Preexisting and acquired cardiovascular disease (CVD) increases maternal and fetal morbidity and mortality during pregnancy.1,2,3,4 CVD complicates more than 1% of pregnancies, accounts for 20% of nonobstetric maternal death,2 and is the leading cause of indirect maternal mortality. Congenital heart disease (CHD) comprises more than 50% of CVD in pregnancy5,6; other common etiologies include rheumatic valve disease (more common in developing countries), connective tissue disease, and cardiomyopathies. Medical care begins in the preconception period with careful planning and anticipation of the possible complications that may occur during the antepartum, intrapartum, and postpartum periods. Risk-stratification models summarizing maternal and fetal outcomes have been developed to counsel women with CVD desiring pregnancy. Optimal patient care for the pregnant woman with CVD relies on understanding of the unique hemodynamic changes of pregnancy and the pathophysiology, signs and symptoms, and natural history specific to each heart condition that may impact pregnancy. A multidisciplinary team approach involving cardiologists, maternal fetal medicine specialists, and anesthesiologists in a center with experience is strongly advised for the care of pregnant women with heart disease.
Women with CVD should receive counseling regarding both maternal and fetal risks prior to conceiving a pregnancy. In addition, women with heart disease should be cared for in institutions with experience in treating CVD during pregnancy. There are extremely high-risk conditions in which pregnancy is not advised, including pulmonary arterial hypertension (PAH), congenital cyanotic lesions, severe systemic ventricular dysfunction (ejection fraction < 30%,="" new="" york="" heart="" association="" [nyha]="" class=""> II), severe mitral stenosis, severe symptomatic aortic stenosis, significantly dilated aorta in connective tissue disorders in women with Marfan syndrome and above 5 cm in women with bicuspid aortic valve (BAV).1 Women with CVD considering pregnancy should undergo a complete workup, including a detailed medical and surgical history and a physical exam including oxygen saturations, electrocardiogram (ECG), appropriate cardiac imaging, and consideration of cardiopulmonary stress testing for further risk stratification.7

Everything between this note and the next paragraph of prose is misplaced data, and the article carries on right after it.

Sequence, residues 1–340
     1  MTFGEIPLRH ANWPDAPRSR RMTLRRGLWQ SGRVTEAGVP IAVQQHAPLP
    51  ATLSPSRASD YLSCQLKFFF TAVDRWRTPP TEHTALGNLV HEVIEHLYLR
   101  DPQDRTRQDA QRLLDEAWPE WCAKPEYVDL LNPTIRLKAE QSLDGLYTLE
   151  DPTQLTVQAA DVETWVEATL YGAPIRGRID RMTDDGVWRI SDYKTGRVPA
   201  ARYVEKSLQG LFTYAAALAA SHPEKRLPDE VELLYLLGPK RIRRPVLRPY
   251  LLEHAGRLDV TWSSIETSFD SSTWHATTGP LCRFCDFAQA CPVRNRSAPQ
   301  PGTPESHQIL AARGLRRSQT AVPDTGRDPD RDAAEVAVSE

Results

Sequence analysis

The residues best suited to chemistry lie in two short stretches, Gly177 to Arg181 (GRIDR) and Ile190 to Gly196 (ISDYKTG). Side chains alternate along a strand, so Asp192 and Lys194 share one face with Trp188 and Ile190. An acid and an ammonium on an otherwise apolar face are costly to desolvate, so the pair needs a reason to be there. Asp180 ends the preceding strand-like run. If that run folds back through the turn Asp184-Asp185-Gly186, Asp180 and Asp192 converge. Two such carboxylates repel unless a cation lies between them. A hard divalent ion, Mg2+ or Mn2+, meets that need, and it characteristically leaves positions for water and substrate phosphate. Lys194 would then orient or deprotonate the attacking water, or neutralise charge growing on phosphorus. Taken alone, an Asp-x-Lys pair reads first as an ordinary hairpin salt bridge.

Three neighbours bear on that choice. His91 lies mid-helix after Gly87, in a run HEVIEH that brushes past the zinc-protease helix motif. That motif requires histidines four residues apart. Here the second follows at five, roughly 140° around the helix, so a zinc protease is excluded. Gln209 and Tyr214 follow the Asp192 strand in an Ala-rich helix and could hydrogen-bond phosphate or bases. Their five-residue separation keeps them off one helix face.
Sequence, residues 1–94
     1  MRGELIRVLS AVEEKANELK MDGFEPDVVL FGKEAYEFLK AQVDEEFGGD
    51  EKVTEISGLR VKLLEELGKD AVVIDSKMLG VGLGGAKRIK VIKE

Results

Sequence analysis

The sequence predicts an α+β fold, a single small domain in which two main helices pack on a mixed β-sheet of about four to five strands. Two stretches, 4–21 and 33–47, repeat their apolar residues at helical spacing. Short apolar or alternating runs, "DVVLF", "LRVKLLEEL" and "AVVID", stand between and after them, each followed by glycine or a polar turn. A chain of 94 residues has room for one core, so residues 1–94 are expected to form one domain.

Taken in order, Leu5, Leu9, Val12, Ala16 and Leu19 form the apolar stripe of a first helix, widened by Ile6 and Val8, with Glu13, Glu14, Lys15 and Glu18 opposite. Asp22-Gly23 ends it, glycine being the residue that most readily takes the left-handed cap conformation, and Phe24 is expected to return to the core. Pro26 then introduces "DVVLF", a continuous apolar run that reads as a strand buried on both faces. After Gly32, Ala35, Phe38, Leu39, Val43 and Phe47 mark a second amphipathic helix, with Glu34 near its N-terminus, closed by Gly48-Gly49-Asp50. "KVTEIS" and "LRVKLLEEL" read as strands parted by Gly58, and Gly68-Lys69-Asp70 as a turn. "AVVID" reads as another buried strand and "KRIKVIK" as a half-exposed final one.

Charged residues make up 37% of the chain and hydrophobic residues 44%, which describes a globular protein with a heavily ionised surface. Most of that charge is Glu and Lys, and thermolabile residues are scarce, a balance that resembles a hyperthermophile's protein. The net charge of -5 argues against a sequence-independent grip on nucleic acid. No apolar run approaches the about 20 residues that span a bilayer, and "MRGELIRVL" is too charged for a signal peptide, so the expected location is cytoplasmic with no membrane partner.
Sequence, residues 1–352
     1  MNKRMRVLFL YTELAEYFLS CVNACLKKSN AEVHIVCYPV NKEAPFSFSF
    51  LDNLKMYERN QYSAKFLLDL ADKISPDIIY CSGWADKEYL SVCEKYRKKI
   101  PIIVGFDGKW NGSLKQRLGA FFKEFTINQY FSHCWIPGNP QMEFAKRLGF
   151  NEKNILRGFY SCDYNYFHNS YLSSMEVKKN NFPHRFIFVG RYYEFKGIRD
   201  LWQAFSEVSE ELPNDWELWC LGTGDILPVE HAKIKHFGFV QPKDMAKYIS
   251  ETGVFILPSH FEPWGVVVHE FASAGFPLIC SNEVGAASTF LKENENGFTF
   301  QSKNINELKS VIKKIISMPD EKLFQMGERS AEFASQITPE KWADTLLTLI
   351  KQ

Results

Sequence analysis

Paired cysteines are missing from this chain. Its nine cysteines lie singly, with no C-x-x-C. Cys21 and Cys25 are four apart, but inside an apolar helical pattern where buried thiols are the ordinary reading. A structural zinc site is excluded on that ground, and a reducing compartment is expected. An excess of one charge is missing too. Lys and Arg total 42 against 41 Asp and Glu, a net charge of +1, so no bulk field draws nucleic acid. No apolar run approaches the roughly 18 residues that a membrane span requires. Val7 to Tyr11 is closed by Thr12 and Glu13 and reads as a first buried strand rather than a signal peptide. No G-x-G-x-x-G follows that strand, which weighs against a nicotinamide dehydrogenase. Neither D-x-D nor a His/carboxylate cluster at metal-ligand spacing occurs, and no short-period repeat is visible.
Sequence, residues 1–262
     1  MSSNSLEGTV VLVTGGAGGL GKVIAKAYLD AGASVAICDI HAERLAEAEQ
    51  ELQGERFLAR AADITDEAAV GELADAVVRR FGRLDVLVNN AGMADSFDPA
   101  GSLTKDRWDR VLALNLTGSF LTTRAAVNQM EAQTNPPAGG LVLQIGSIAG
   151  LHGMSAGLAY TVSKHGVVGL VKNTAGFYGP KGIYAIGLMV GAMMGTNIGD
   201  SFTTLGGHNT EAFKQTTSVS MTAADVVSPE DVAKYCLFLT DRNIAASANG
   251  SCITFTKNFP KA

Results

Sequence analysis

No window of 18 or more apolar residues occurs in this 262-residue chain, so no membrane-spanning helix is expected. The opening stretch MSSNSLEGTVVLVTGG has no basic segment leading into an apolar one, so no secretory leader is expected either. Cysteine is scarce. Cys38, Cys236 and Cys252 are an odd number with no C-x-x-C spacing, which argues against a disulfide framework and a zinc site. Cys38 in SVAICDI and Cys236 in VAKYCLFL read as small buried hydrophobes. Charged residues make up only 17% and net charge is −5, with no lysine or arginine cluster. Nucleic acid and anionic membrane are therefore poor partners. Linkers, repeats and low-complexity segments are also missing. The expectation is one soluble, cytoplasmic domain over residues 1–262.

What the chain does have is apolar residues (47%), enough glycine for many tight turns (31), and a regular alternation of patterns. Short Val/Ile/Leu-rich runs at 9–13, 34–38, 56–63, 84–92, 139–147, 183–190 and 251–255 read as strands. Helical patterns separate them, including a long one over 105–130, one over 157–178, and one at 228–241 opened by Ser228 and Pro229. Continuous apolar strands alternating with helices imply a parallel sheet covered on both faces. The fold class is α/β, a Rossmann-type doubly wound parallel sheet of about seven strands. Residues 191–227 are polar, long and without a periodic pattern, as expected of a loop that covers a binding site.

Genetic counseling is appropriate for patients with family members affected by congenital and inherited heart diseases (eg, hypertrophic cardiomyopathy, Marfan syndrome, long-QT syndrome). In general, CHD is present in about 0.8% of the population, yet for an affected individual, the risk of bearing children with CHD is increased to 2% to 6% regardless of the congenital diagnosis.8,9 Further recurrences of CHD in the same family are higher. A fetal echocardiogram is advised for parents with CHD between 18 and 22 weeks of gestation.10
Preconceptual counseling will allow for careful planning for any anticipated or potential events during pregnancy. All prepregnancy medications should be reviewed to ensure their safety in pregnancy. For example, angiotensin-converting enzyme (ACE) inhibitors, angiotensin receptor blockers, and endothelin receptor blockers are teratogenic and contraindicated during pregnancy, and should be discontinued. Women requiring anticoagulation must be advised of the challenges of managing anticoagulation during pregnancy and individualized strategies should be ...